Machine Tool Technology: Blue Prints, Not Blue Collar

What if a Machine Tool training program with a 100% job placement track record existed right here at home? Would you be interested? What if you learned that this program does exist on the Rowan Campus of Maysville Community and Technical College (MCTC)?

Im Kenneth Barnett, coordinator for the Machine Tool Technology program on MCTCs Rowan Campus. I joined MCTC two years ago after working as a machinist for both L3 Communications and Precision Resource. This field is constantly changing, but our program has made a commitment to purchasing state of the art equipment to help students gain an advanced competitive edge in the workforce.

Morgan County native and MCTC student, Chris Whitt, has this to say about the program. I have worked at different places maintaining equipment. When I became unemployed, I decided to try this program so I could find an even better job and make more money. MCTC bought a new water jet for us to learn on. Some places do not own one of these, so that shows how up to date this program is. Most of what I have learned as a student so far has been through computers. You might think you need to know a really high level of math, but you only need general math skills. This program does not just lead you to a blue collar job. You can even become a programmer who works in an office.

Our students are trained to operate all manual machines, read blue prints, and use measuring equipment. Our program also focuses on how to set up and operate computer numerical control (CNC) equipment. Students will learn how to write CNC programs and use computer software. One of the newest additions, and a favorite of many of our students, is water jet technology.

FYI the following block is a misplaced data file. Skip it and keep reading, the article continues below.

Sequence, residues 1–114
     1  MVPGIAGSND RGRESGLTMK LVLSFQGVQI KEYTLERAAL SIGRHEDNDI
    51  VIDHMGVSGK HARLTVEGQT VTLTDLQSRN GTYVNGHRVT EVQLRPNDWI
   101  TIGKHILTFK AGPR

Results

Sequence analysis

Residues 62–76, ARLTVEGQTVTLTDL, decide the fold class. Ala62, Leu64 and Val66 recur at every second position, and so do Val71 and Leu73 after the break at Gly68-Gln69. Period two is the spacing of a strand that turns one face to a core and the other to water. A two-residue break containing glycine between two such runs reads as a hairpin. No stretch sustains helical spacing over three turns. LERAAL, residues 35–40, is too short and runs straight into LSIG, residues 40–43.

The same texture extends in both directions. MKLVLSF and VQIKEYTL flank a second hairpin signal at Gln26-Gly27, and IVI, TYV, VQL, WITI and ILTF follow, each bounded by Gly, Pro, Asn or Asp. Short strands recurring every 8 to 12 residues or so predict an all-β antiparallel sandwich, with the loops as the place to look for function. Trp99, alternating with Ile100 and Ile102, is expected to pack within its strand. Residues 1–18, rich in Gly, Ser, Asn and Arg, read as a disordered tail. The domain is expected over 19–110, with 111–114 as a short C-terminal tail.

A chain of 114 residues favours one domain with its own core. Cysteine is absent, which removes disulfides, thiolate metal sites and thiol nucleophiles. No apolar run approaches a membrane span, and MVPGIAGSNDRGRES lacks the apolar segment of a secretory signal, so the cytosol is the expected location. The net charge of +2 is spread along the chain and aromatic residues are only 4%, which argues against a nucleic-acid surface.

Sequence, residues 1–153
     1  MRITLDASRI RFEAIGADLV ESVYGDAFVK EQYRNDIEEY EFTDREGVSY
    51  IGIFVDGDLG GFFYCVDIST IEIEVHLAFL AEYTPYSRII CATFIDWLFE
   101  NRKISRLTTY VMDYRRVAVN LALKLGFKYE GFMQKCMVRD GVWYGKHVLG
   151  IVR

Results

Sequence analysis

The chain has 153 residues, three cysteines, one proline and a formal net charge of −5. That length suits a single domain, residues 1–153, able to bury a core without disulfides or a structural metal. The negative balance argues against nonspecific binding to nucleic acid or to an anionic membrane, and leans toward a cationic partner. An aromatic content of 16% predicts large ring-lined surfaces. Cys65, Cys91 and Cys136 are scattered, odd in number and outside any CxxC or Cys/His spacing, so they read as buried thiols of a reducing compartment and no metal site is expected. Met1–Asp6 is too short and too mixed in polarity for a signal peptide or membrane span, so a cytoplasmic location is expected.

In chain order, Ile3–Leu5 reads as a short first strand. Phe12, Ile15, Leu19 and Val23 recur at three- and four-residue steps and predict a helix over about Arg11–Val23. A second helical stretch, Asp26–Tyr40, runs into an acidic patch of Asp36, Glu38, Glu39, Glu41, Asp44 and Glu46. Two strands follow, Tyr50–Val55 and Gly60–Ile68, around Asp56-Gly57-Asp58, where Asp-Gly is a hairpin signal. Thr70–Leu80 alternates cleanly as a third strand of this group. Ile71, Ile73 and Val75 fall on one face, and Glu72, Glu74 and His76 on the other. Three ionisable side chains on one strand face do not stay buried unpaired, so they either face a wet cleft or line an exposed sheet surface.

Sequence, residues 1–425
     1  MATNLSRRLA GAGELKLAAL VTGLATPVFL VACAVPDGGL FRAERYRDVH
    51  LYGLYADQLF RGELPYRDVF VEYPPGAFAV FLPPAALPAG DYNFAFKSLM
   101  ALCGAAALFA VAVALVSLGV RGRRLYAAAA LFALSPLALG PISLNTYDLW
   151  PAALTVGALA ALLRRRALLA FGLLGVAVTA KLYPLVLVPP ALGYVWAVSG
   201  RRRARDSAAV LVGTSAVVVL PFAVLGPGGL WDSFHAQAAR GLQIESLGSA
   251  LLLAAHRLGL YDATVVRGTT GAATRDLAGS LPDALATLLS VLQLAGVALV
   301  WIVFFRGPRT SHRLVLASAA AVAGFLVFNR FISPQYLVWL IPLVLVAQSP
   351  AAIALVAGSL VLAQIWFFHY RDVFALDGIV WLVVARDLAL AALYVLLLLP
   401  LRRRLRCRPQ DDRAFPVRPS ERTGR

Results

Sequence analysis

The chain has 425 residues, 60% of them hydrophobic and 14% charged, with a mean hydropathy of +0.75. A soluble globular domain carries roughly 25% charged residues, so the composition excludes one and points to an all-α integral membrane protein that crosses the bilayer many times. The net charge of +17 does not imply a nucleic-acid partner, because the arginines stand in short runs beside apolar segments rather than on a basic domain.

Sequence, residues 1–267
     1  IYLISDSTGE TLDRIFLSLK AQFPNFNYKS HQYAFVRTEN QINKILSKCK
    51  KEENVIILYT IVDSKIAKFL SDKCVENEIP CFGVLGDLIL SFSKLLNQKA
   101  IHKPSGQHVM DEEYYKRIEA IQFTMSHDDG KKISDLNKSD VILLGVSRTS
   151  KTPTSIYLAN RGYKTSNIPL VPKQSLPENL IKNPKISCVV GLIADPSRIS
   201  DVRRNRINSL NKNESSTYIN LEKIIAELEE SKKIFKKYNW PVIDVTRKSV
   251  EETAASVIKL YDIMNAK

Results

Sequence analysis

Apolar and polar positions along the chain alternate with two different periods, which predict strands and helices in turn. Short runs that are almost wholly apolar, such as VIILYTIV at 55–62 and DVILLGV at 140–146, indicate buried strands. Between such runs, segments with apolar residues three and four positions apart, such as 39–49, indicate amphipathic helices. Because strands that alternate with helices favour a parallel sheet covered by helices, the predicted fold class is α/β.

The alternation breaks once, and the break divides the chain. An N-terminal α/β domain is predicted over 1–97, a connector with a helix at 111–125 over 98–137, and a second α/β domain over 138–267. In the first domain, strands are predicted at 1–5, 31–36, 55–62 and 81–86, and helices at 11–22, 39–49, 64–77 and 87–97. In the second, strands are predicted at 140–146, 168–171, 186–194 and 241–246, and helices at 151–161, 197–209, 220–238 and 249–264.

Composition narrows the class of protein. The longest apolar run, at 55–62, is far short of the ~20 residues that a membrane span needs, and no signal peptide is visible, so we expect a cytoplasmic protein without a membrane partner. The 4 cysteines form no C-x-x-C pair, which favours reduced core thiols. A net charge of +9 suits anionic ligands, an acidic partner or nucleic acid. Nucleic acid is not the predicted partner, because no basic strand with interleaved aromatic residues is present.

James Johnson is like many MCTC students who work while attending school. This Montgomery County native says, After taking about 11 years off from school, I decided to go into the Machine Tool Technology program. It gets hectic sometimes, but Kenny really helps us succeed in school while balancing families and jobs. Im learning how to use equipment both manually and with a computer. I am also in a state apprenticeship program for tool and die makers. I have gotten to know people in this field through this program that I would not have met otherwise. When I finish this degree, I will have a chance of advancement in my job.

The Machine Tool Technology program offers certificates for Exploratory Machining I, Machinist, CNC Machinist, and CNC and Water Jet Technology. Diplomas are available for students wanting to become machinists or specialize in CNC machines. The Associate of Applied Science (AAS) degree incorporates all aspects of our program and will also prepare students to transfer to a four year university for an advanced degree. Students who graduate from our program can work as operators, programmers, and problem solving engineers as well as professionals in quality control. Students graduating with our AAS degree have the opportunity to make an average of $15 to $20 an hour. Our students have found jobs locally and in the surrounding counties.

MCTC student Greg Wulfekamp lives in Mason County. He travels to Morehead each week to take classes on the Rowan Campus. I worked as a press operator for 11 years and a welder for a year with very little chance at advancement. Once I finally realized that getting an education is the only way to prosper, I went back to school at MCTC. I am continually learning very relevant and specific skills in Machine Tool. I think computer programming is the coolest part. Greg plans on transferring to a four year university after graduation.

If you can identify with Chris, James, or Greg, or just want to get more information about the Machine Tool Technology program, stop by and visit me on the Rowan Campus. You can also call me at 606-783-1538 extension 66336, or send me an email.